Back to Mr. Gerson. After discussing cultural concerns about circumcision, he writes:

There are also practical obstacles. Like any operation, circumcision presents a risk of infection. Much of Africa lacks the equipment and personnel to perform the procedure on a large scale. But similar arguments were made against the possibility of AIDS treatment. A concerted American and international commitment proved that pessimism to be unjustified.

Like any operation, circumcision also presents a risk of complications. This gets ignored. Health expertise? If applied to non-consenting infants, human rights expertise?

Mr. Gerson is right that much of Africa lacks the equipment and personnel to perform mass circumcisions safely and effectively. Still, the recommendation is now out, with the accompanying hysteria. Circumcision has begun, whether countries are ready or not. That’s quite irresponsible. But don’t worry:

As circumcision scales up, the reductions in overall infection rates will be gradual. But the implications for the individual man in Africa are dramatic. A $40 or $50 procedure can cut his risk of HIV infection in half. Giving him that option is a matter of moral urgency.

How many condoms and educational materials would those $40 or $50 outlays fund? Also, note how Mr. Gerson mixes the mass action needed to generate a noticeable reduction with the individual action of a male. Stating that individuals have “that option” seems to indicate an appreciation for liberty with his utilitarianism, but don’t accept such an assumption.

That begins with African governments. Both routine infant circumcision and adult circumcision must be considered, especially in the areas of highest infection.

Do those infants have “that option”? Remember, Mr. Gerson already admitted that ten out of ten infants disagree that circumcision is a sign of blessing. But Mr. Gerson advocates it anyway, going so far as to offer his nod to a cheap, dull cliché, calling circumcision “the kindest cut” . Human rights expert? In this area, his advocacy is makes him nothing more than an expert in violating human rights. That’s the ulti
mate flaw in thinking that the terrible reality of HIV justifies radical action. I don’t pretend that Mr. Gerson sees infant circumcision as radical, a viewpoint he shares with far too many Americans. But in calling for more European effort, he demonstrates his lack of concern for the ethical human rights aspect.

On that point, the crux of Mr. Gerson’s error, I like this review of his article at Male Circumcision and HIV. This is at least as good as what I would’ve written, so I’ll quote it here:

This swift acceptance of circumcision despite the obvious logical contradictions can only come from people accustomed to the practice of circumcision in their own culture. The reason why European nations are resistant to the implementation of this measure may just be that they have different moral values. Perhaps they can see more in an infant’s objection to this surgery then [sic] simply an aversion to pain. Since European cultures have no interest in proving that circumcision has health benefits, they may still be sensitive to the rights of an infant to keep his genitals unaltered. Perhaps, since most European males have experienced life with a foreskin, they may find it delusional for a man to choose to have it cut off rather than put on a condom to prevent infection.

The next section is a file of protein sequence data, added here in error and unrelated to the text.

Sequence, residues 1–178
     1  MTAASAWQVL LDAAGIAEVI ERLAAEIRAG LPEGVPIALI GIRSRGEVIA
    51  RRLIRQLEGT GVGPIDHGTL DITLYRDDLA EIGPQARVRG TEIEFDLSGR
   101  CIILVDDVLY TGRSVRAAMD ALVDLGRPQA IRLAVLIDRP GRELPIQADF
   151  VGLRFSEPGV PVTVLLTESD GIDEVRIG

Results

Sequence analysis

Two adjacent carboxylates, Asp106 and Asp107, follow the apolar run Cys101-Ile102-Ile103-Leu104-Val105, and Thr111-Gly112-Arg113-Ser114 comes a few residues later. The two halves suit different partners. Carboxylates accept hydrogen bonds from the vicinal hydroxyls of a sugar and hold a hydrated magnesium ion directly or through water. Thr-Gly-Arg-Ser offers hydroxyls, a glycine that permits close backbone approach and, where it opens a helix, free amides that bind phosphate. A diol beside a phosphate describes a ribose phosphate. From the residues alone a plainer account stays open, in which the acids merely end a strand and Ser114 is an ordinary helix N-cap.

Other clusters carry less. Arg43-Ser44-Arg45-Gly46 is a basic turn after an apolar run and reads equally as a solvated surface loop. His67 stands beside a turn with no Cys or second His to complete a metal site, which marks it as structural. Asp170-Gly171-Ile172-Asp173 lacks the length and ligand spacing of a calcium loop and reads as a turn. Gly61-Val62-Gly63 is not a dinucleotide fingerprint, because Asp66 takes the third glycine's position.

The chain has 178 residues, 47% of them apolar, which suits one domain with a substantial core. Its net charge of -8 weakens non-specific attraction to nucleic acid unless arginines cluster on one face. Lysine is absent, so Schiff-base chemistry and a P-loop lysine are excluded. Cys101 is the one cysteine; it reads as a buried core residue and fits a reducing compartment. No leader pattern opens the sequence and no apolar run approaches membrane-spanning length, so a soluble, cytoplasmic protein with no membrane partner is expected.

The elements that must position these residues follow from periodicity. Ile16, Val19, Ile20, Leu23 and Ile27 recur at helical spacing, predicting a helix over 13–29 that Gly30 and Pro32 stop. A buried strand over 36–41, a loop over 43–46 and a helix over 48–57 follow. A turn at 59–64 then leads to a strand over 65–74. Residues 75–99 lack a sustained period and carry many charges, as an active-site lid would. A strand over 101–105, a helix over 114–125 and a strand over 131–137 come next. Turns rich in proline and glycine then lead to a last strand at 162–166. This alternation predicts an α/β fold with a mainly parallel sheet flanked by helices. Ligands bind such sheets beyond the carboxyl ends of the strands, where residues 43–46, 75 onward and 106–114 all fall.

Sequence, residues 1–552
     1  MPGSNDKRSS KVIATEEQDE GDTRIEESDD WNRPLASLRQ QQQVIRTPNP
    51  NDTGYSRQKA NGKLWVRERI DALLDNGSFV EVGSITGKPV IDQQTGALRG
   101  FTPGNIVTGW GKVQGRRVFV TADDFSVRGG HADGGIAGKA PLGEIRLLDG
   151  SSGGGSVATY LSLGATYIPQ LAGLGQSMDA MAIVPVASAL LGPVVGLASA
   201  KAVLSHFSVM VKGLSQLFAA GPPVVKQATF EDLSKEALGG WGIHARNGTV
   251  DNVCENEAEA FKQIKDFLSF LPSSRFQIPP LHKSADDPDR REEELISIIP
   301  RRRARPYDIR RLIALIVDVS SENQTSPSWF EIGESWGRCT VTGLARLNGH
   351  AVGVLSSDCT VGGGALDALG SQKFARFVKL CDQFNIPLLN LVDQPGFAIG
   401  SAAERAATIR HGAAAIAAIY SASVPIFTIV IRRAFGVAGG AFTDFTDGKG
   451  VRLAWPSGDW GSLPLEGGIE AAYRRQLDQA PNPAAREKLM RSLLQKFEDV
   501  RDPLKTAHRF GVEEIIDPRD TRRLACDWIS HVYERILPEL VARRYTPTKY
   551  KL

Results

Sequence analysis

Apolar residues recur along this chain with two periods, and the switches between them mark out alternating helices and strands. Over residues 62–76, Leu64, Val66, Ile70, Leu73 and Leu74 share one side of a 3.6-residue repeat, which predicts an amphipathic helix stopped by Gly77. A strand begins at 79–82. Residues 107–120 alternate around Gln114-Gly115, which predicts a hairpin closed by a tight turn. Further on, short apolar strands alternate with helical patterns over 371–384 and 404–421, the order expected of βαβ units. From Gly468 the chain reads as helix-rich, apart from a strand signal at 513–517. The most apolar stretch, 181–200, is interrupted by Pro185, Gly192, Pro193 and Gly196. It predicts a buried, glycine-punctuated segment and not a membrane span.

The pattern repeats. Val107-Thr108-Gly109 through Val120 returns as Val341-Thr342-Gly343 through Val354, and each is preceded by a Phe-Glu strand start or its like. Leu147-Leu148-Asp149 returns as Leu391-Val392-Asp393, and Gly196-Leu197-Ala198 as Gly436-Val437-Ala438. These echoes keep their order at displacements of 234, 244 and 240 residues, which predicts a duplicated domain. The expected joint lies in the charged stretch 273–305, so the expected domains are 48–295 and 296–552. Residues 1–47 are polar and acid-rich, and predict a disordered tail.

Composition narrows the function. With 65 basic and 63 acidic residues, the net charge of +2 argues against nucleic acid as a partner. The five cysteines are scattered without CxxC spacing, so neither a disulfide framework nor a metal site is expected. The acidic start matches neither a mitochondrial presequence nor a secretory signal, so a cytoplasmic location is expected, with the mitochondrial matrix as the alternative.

No interest in proving that circumcision has health benefits, they may still be sensitive to the rights of an infant to keep his genitals unaltered. Anyone reading these recent studies who doesn’t at least question the application of those findings by anyone other than the male losing his foreskin should read that paragraph as many times as it takes to understand the ethical implications. Mr. Gerson included.

¹ Mr. Gerson also includes this poorly written argument:

A circumcised male is exposed to less HIV virus during sexual relations, and has less chance of being infected.

He should’ve said something like this:

A circumcised male has less (erogenous) mucous membrane, so he has fewer cells to become infected with HIV.

I don’t pretend that he’d ever include erogenous, even though it’s fact. But to state that a male is “exposed to less HIV virus” is silly. The same amount of HIV virus presumably remains in his partner, regardless of his surgical reduction. I don’t think this was anything more than lazy writing. That doesn’t excuse it.

² That individual basis should be left to the male who will lose his foreskin. Others argue that “individual” can include the male’s parents. They are mistaken. But that is separate from the point I’m making here.